Texas travel restrictions can be found here.

How many people have been tested positive in Williamson County?

For Updated number of cases visit: http://www.wcchd.org/COVID-19/dashboard.php

Where can I get tested for COVID-19?

First, contact your doctor’s office. If your doctor’s office does not know of a location, contact the WCCHD Office for information where to get to tested or visit their website http://www.wcchd.org/COVID-19/testing.php

Williamson County is operating several free testing sites at locations across the county. Individuals with COVID-19 symptoms that would like to be tested can complete the online assessment at www.wilco.org/coronavirus

Jury Duty

The Williamson County Justice Center is closed to the public except for essential functions as of 3/19/2020 at noon. The employees are still working to fulfill its important mission. Judges are temporarily suspending jury trials to avoid the large gathering of potential jurors.

How is WCSO handling calls for service?

  • Emergency/Life-Threatening calls or “In Progress” calls for service will be handled in the same manner as always and will not change.
  • Non-Emergency/Routine calls for service will be handled over the telephone, if possible. If a deputy is required, our communications staff have been directed to ask if anyone in the household is exhibiting symptoms of the COVID-19 virus.
  • Deputies will try to maintain a “social distance” out of concern and respect for the community.
  • Fingerprinting services for civilians have been suspended until further notice.
  • The Sheriff’s Citizens Academy has been postponed until further notice.
  • The Sheriff’s Junior Academies for the summer are under review.
  • The Sheriff’s Self Defense Classes are postponed until further notice.
  • The Sheriff’s Community Services programs are postponed until further notice.
  • All volunteer services have been suspended until further notice.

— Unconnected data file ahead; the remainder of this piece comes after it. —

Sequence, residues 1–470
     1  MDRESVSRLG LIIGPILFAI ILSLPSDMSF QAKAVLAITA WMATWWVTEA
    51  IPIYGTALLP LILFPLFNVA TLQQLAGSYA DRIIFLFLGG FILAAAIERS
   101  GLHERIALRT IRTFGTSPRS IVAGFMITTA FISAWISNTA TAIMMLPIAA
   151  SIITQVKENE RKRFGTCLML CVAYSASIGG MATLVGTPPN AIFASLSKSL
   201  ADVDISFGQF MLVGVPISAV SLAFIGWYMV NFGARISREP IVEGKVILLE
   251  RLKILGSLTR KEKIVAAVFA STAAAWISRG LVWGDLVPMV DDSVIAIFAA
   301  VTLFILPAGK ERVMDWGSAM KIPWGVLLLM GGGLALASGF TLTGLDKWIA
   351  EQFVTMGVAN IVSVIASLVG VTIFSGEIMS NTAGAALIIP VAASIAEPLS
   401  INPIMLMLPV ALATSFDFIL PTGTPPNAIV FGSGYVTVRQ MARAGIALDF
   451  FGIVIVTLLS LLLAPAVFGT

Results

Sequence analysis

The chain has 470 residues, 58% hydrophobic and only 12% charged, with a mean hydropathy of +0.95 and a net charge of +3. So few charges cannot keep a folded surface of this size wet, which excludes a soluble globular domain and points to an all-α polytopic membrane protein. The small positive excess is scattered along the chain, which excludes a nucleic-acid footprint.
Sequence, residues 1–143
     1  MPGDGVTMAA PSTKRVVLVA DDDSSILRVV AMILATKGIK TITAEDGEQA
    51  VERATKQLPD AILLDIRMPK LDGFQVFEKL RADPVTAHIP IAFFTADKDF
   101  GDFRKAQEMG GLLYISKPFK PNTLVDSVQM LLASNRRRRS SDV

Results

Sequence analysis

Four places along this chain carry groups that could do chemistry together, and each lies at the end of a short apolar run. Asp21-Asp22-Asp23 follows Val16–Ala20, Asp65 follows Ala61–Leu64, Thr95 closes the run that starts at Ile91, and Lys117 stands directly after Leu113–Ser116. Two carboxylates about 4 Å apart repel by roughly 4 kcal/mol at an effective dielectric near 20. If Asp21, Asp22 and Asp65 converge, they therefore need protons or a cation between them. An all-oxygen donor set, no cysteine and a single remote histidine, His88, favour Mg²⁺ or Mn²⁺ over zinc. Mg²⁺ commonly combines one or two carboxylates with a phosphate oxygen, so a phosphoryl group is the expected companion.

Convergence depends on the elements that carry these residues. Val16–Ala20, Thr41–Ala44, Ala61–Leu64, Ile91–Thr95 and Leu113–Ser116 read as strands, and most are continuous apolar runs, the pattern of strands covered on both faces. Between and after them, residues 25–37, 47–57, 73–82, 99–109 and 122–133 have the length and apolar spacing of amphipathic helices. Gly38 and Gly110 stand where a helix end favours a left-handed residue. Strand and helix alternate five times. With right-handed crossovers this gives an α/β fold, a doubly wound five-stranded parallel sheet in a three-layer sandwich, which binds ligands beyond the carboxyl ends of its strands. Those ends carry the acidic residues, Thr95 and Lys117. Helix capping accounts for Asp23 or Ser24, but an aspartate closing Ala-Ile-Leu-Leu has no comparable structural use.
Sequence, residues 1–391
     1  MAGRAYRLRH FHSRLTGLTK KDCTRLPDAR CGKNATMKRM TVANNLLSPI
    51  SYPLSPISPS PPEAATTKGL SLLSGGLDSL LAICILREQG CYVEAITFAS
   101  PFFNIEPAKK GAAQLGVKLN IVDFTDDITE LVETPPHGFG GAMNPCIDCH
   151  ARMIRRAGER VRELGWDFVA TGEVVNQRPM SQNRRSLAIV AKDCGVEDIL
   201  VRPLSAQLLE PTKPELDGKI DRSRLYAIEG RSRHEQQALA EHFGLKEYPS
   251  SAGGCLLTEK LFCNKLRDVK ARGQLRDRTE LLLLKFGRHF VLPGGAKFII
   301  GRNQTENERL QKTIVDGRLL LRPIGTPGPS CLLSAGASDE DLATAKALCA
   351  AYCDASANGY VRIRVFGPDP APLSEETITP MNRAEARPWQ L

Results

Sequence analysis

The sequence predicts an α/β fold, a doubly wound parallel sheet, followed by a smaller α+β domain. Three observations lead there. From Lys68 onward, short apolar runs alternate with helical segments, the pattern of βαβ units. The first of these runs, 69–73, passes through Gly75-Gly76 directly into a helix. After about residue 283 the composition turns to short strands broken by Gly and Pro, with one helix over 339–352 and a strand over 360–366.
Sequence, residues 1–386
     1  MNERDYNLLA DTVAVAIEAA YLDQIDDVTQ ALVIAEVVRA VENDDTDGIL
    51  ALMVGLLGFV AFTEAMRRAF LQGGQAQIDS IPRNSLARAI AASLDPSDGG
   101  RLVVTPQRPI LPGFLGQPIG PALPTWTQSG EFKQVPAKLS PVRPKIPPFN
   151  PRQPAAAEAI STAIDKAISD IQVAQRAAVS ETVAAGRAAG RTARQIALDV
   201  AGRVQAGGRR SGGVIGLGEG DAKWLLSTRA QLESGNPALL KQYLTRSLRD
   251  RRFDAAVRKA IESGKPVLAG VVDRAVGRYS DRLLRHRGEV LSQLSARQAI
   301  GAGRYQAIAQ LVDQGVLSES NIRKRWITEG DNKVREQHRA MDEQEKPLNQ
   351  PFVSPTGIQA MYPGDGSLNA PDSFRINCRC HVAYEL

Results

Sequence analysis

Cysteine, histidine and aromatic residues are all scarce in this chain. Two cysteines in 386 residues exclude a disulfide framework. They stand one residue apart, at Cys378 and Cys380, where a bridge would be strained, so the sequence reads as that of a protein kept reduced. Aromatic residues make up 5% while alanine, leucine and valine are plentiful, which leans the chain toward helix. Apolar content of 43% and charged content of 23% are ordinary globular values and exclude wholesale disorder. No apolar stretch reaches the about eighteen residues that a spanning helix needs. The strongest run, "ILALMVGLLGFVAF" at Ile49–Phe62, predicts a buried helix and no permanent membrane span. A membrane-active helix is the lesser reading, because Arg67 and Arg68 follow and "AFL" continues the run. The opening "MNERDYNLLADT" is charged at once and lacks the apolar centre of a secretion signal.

• All 68A (Vehicle Inspections) have been suspended until further notice.
  • Visitors coming into the Secure Area of the Sheriff’s Office will be restricted.
  • Community members are encouraged to call-in where possible instead of coming to the Sheriff’s Office.

Williamson County Jail Information

  • Enhanced medical screening will continue for prisoners and will be extended to Peace Officers, Attorneys and all staff entering the facility.
  • Medical Staff will assess all incoming arrestees specifically for COVID-19 in the Sally Port. If the arrestee is showing symptoms of the virus, the arresting officer will be redirected to take the arrestee to a hospital. The arrestee will not be accepted in the jail until he/she has been cleared by a doctor.
  • Pursuant to a recommendation from Texas Commission on Jail Standards, all face-to-face visits for inmates have been canceled until further notice except for attorney visits.
  • Access to the Jail will be limited to persons with a legitimate law enforcement purpose.

Expired Car Registration

The inspection requirement has not been waived. However, there is no penalty for inspecting and registering your vehicle after the expiration date. Additionally, the Governor has issued orders for law enforcement to suspend issuing citations for delinquent registration until 60 days after the disaster declaration has been lifted.

Food Bank Information: Individuals for TRUE need of food and supplies

Here are the organizations that we are aware of that are offering food pantries. To find a list of additional resources by zip code, go to our Community Resources web page